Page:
Papers of John Adams, volume 1

IV. “U” to the Boston Gazette

VI. “U” to the Boston Gazette

V. “U” to the <hi rendition="#italic">Boston Gazette</hi>, 1 August 1763 JA U. Boston Gazette (newspaper)


V. “U” to the <hi rendition="#italic">Boston Gazette</hi>, 1 August 1763 Adams, John U. Boston Gazette (newspaper)
V. “U” to the Boston Gazette
To the Printers. 1 August 1763

Man, is distinguished from other Animals, his Fellow-Inhabitants of this Planet, by a Capacity of acquiring Knowledge and Civility, more than by any Excellency, corporeal, or mental, with which, mere Nature, has furnished his Species.—His erect Figure, and sublime Countenance, would give him but little Elevation above the Bear, or the Tyger: nay, notwithstanding those Advantages, he would hold an inferior Rank in the Scale of Being, and would have a worse Prospect of Happiness, than those Creatures; were it not for the Capacity, of uniting with others, and availing himself of Arts and Inventions, in social Life. As he comes originally from the Hands of his Creator, Self Love, or Self-Preservation, is the only Spring, that moves within him.—He might crop the Leaves, or Berries, with which his Creator had surrounded him, to satisfy his Hunger—He might sip at the Lake or Rivulet, to slake his Thrist—He might screen himself, behind a Rock or Mountain, from the bleakest of the Winds—or he might fly from the Jaws of voracious Beasts, to preserve himself from immediate Destruction.—But would such an Existence be worth preserving? Would not the first Precipice, or the first Beast of Prey, that could put a Period to the Wants, the Frights and Horrors, of such a wretched Being, be a friendly Object, and a real Blessing?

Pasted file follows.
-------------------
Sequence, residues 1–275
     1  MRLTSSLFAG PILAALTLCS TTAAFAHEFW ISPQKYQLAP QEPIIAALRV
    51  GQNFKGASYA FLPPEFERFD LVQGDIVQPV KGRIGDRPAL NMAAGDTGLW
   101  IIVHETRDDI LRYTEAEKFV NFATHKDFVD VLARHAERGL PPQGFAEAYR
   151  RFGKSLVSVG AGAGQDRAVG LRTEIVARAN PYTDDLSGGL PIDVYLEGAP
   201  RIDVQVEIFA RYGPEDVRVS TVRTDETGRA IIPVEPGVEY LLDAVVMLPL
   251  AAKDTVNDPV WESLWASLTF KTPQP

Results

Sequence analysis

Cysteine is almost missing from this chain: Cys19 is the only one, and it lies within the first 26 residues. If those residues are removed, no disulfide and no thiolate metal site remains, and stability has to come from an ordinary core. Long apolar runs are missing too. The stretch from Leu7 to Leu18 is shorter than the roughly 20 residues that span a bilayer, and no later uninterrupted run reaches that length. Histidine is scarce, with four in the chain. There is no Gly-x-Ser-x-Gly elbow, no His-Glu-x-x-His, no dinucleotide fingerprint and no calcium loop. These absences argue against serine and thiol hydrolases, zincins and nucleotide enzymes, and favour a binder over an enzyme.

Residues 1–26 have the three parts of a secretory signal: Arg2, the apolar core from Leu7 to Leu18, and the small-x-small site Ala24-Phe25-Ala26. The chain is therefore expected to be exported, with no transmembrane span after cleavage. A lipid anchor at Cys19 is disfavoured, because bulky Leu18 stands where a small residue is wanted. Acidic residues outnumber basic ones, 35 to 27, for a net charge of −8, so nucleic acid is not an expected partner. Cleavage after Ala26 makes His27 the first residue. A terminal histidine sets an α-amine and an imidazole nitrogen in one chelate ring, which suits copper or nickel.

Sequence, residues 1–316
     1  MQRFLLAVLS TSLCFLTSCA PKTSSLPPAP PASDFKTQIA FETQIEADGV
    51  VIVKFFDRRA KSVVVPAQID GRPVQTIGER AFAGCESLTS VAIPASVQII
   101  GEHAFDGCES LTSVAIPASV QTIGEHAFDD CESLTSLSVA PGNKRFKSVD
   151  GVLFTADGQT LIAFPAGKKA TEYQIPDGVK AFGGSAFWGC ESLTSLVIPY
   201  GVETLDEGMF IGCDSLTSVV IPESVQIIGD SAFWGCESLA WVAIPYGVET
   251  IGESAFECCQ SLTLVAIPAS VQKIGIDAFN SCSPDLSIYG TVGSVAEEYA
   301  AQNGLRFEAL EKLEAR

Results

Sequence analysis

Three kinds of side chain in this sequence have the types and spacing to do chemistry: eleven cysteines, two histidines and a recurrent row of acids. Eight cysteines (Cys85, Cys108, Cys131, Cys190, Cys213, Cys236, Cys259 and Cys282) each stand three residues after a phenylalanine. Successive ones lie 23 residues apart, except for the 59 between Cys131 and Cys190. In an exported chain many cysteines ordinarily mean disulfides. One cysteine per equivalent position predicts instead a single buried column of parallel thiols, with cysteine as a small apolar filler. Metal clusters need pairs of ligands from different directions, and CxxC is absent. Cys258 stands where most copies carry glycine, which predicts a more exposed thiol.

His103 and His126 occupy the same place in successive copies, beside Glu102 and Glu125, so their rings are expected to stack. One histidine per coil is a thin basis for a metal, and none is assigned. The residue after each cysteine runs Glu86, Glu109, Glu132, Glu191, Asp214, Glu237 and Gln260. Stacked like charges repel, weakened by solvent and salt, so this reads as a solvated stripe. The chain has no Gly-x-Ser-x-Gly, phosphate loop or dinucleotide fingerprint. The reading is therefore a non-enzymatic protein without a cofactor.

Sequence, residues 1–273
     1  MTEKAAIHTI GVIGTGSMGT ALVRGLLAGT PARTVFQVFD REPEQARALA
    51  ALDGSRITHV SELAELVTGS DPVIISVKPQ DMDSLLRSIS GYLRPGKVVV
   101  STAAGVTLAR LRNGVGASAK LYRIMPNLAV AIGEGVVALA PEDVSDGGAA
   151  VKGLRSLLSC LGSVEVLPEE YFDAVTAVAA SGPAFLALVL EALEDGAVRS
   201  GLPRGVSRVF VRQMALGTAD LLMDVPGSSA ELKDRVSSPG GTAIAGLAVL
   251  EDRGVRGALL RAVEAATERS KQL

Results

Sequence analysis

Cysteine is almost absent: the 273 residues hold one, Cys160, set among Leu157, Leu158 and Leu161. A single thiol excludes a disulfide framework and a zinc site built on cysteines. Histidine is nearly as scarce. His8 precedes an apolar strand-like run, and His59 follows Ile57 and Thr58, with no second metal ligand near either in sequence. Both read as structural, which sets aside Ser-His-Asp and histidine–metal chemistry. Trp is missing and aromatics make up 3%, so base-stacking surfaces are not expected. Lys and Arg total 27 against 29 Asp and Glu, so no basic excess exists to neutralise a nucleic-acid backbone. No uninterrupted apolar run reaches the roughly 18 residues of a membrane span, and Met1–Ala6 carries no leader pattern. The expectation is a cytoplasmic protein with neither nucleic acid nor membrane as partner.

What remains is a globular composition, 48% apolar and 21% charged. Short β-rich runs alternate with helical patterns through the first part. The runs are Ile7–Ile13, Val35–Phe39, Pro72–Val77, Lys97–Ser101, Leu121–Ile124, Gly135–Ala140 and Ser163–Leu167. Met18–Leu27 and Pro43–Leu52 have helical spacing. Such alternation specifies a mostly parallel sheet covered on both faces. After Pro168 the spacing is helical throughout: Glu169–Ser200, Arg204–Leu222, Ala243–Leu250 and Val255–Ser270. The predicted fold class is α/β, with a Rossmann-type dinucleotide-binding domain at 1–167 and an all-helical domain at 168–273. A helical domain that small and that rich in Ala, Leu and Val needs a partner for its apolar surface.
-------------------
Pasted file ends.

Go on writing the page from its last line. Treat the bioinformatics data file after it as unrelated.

When we take one Remove from this forlorn Condition, and find the Species propagated, the Banks of Clams, and Oysters, discovered, the Bow and Arrow, invented, and the Skins of Beasts, or the Bark of Trees, employed for Covering: altho' the human Creature has a little less Anxiety and Misery than before; yet each Individual is independent of all others: There is no Intercourse of Friendship: no Communication of Food or Cloathing: no Conversation or Connection, unless the Conjunction of Sexes, prompted by Instinct, like that of Hares and Foxes, may be called so: The Ties of Parent, Son, and Brother, are of little Obligation: The Relations of Master and Servant, the Distinction of Magistrate and Subject, are totally unknown: Each Individual is his own Sovereign, accountable to no other upon Earth, 73and punishable by none.—In this Savage State, Courage, Hardiness, Activity and Strength, the Virtues of their Brother Brutes, are the only Excellencies, to which Men can aspire. The Man who can run with the most Celerity, or send the Arrow with the greatest Force, is the best qualified to procure a Subsistence. Hence to chase a Deer over the most rugged Mountain; or to pierce him at the greatest Distance, will be held, of all Accomplishments, in the highest Estimation. Emulations and Competitions for Superiority, in such Qualities, will soon commence: and any Action which may be taken for an Insult, will be considered, as a Pretension to such Superiority; it will raise Resentment in Proportion, and Shame and Grief will prompt the Savage to claim Satisfaction, or to take Revenge. To request the Interposition of a third Person, to arbitrate, between the contending Parties, would be considered, as an implicit Acknowledgment of Deficiency, in those Qualifications, without which, none in such a barbarous Condition, would choose to live. Each one then, must be this own Avenger. The offended Parties must fall to fighting. Their Teeth, their Nails, their Feet or Fists, or perhaps the first Clubb or Stone that can be grasped, must decide the Contest, by finishing the Life of one. The Father, the Brother, or the Friend, begins then to espouse the Cause of the deceased; not indeed so much from any Love he bore him living, or from any Grief he suffers for him, dead, as from a Principle of Bravery and Honour, to shew himself able and willing to encounter the Man who had just before vanquished another.—Hence arises the Idea of an Avenger of Blood: and thus the Notions of Revenge, and the Appetite for it, grow apace. Every one must avenge his own Wrongs, when living, or else loose his Reputation: and his near Relation must avenge them for him, after he is dead, or forfeit his.—Indeed Nature has implanted in the human Heart, a Disposition to resent an Injury, when offered: And this Disposition is so strong, that even the Horse, treading by Accident on a gouty Toe, or a Brick-batt falling on the Shoulders, in the first Twinges of Pain, seem to excite the angry Passions, and we feel an Inclination to kill the Horse and to break the Brick-batt. Consideration, however, that the Horse and Brick were without Design, will cool us; whereas the Thought that any Mischief has been done, on Purpose to abuse, raises Revenge in all its Strength and Terrors: and the Man feels the sweetest, highest Gratification, when he inflicts the Punishment himself.—From this Source arises the ardent Desire in Men to judge for themselves, when and to what Degree they are injured, and to carve out their own Remedies, for themselves.—From the same Source arises that obstinate Disposition 74in barbarous Nations to continue barbarous; and the extreme Difficulty of introducing Civility and Christianity among them. For the great Distinction between Savage Nations and polite ones, lies in this, that among the former, every Individual is his own Judge and his own Executioner; but among the latter, all Pretensions to Judgment and Punishment, are resigned to Tribunals erected by the Public: a Resignation which Savages are not without infinite Difficulty, perswaded to make, as it is of a Right and Priviledge, extremely dear and tender to uncultivated Nature.1